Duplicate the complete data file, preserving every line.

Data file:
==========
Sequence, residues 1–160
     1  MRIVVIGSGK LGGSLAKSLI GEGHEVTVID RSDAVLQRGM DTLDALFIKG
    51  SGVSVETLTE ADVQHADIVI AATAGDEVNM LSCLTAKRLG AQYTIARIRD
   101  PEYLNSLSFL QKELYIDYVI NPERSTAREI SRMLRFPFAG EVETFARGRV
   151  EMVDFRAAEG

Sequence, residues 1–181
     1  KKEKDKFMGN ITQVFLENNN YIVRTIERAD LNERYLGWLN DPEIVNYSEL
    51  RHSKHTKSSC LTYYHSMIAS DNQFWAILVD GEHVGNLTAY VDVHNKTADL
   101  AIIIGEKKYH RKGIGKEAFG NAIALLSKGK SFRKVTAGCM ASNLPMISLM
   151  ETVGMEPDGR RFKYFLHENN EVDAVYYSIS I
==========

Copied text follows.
Sequence, residues 1–160
     1  MRIVVIGSGK LGGSLAKSLI GEGHEVTVID RSDAVLQRGM DTLDALFIKG
    51  SGVSVETLTE ADVQHADIVI AATAGDEVNM LSCLTAKRLG AQYTIARIRD
   101  PEYLNSLSFL QKELYIDYVI NPERSTAREI SRMLRFPFAG EVETFARGRV
   151  EMVDFRAAEG

Sequence, residues 1–181
     1  KKEKDKFMGN ITQVFLENNN YIVRTIERAD LNERYLGWLN DPEIVNYSEL
    51  RHSKHTKSSC LTYYHSMIAS DNQFWAILVD GEHVGNLTAY VDVHNKTADL
   101  AIIIGEKKYH RKGIGKEAFG NAIALLSKGK SFRKVTAGCM ASNLPMISLM
   151  ETVGMEPDGR RFKYFLHENN EVDAVYYSIS I